The ‘crossroads’ election of February 1969 saw the emergence of a number of figures who were to dominate Northern Ireland politics for the next three decades, not least John Hume, who was elected for the Foyle constituency, and the Revd Ian Paisley, who provided a strong but unsuccessful challenge to O’Neill in Bannside.

In Belfast some NICRA members attempted to divert police resources away from Derry. On the evening of 13 August a car with a loud hailer toured Unity Flats and called on people to meet at Divis Tower in support of those in Derry. Subsequent Catholic attacks on the police increased Protestant anger and encouraged a general belief among unionists that there was an IRA plan to take over parts of Northern Ireland and wait for military support from the Republic to overthrow the state and bring about a united Ireland.

Lynch’s speech
At this point Taoiseach Jack Lynch made a crucial intervention. In a television broadcast he said, ‘It is evident that the Stormont government is no longer in control of the situation  . . . It is clear that the Irish government can no longer stand by and see innocent people injured and perhaps worse’. Lynch called for United Nations troops to be sent to Northern Ireland and also ordered that a number of Irish army field hospitals be set up along the border. This appeared to many unionists to confirm their fears of an imminent invasion by the Irish Army. Chichester-Clark called Lynch’s remarks ‘inflammatory and ill-considered’, and said that he would hold Lynch personally responsible for any worsening of feeling.
Chichester-Clark called up the B-Specials to provide support to the RUC but this proved insufficient to contain the deteriorating security situation. With police officers exhausted, Chichester-Clark requested British Army support to maintain law and order and, at 5.15pm on 14 August, soldiers of the Prince of Wales’ Own Regiment were deployed to patrol Derry. Soldiers from the Queen’s Regiment went on patrol in Belfast the following day. Despite this, a number of ‘no-go’ areas soon developed—the most high-profile was the Bogside, Brandywell and lower Creggan area of ‘Free Derry’, but there were other republican no-go areas in parts of West Belfast.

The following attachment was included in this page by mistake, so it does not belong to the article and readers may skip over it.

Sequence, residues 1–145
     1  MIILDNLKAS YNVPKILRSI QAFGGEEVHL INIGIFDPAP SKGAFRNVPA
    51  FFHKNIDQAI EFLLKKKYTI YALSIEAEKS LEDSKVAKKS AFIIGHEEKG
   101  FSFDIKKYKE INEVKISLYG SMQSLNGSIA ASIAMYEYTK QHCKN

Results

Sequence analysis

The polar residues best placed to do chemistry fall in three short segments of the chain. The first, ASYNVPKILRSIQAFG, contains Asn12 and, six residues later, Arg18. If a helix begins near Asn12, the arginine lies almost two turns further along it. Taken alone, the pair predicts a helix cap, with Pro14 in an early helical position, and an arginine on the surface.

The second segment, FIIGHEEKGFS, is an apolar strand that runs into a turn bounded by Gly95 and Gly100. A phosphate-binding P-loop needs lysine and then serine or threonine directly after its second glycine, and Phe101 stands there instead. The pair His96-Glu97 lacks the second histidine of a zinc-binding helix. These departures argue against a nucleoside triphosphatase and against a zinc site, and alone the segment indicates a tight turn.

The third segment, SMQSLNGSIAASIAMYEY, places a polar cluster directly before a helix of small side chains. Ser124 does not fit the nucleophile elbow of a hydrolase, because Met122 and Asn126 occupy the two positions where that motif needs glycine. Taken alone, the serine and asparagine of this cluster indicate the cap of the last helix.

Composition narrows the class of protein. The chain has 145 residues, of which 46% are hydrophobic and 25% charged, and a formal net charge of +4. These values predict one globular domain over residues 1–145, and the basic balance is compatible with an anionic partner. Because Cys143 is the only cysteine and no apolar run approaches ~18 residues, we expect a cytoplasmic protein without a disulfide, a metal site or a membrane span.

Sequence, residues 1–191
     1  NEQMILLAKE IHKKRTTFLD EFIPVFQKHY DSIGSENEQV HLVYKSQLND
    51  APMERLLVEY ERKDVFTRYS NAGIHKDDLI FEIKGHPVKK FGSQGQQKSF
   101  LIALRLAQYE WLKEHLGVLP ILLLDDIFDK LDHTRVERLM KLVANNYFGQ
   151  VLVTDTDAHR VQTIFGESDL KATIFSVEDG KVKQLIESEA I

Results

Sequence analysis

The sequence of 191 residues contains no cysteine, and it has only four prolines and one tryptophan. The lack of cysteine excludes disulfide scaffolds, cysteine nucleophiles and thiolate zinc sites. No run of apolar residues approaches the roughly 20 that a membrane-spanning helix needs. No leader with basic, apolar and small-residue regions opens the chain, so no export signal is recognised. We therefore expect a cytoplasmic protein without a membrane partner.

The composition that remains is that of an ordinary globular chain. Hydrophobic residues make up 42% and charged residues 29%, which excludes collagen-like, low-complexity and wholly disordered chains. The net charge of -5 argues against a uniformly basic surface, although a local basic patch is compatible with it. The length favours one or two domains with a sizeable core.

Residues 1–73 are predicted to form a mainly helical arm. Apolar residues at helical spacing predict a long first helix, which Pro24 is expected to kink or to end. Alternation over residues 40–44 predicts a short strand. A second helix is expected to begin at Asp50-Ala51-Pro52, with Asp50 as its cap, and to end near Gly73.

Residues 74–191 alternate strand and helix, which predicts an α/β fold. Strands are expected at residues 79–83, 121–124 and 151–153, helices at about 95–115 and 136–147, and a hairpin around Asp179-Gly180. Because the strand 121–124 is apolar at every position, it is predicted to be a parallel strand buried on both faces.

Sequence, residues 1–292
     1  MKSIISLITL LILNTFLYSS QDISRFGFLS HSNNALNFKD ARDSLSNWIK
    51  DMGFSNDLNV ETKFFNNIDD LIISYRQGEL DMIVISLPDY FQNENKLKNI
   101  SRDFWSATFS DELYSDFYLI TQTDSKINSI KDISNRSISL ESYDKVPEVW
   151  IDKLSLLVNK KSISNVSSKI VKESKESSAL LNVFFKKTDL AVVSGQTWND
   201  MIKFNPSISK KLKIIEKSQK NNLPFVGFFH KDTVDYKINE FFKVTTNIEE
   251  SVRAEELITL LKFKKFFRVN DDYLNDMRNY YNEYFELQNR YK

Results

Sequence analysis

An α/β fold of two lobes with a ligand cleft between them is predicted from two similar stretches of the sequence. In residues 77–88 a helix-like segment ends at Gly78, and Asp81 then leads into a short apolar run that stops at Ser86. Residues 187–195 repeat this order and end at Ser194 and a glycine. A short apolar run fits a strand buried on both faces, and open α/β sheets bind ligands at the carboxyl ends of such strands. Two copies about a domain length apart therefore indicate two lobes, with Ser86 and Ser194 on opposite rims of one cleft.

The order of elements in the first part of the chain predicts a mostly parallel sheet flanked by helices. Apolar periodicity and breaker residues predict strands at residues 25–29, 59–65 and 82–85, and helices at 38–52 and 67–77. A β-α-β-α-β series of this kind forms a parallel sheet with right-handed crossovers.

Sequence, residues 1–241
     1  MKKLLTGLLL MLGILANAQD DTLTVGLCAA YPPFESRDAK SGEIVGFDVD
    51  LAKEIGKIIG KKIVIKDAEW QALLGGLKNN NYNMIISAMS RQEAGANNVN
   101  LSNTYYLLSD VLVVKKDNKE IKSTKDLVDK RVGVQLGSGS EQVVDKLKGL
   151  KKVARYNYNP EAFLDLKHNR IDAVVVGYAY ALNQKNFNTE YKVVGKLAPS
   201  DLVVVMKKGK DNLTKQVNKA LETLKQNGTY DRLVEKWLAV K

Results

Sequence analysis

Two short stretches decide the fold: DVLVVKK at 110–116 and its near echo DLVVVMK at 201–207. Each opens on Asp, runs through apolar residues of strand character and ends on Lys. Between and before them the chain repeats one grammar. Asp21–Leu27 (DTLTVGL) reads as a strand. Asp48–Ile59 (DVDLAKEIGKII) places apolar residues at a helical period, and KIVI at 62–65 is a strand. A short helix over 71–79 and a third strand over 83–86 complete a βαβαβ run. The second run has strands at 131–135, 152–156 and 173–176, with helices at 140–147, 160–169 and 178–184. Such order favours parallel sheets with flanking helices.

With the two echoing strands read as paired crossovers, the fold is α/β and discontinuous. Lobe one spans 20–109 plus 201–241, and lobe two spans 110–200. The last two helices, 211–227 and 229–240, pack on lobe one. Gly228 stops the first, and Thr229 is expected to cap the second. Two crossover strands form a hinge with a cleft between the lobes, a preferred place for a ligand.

As rioting spread beyond Derry, violence deteriorated into open sectarian conflict. In Belfast, fires destroyed hundreds of houses, leaving thousands of people, in most cases Catholics, homeless. During the course of the riots in Belfast barricades were erected on both sides of Cupar Street between the Falls Road and the Shankill Road to provide communal protection. When the Army erected iron sheets as a barrier in September it was a physical recognition of a division that already existed. Over the following years, ‘peace lines’ between Protestant and Catholic areas would be expanded and their construction would become more sophisticated (see p. 43).

Greater British government involvement

In addition, on 17 April Bernadette Devlin was elected to Westminster in a by-election for the Mid-Ulster constituency as a Unity candidate. At the age of 22 Devlin became the youngest woman ever elected to the House of Commons and the youngest MP in half a century. (Pacemaker, TPS/Central Press)

In addition, on 17 April Bernadette Devlin was elected to Westminster in a by-election for the Mid-Ulster constituency as a Unity candidate. At the age of 22 Devlin became the youngest woman ever elected to the House of Commons and the youngest MP in half a century. (Pacemaker, TPS/Central Press)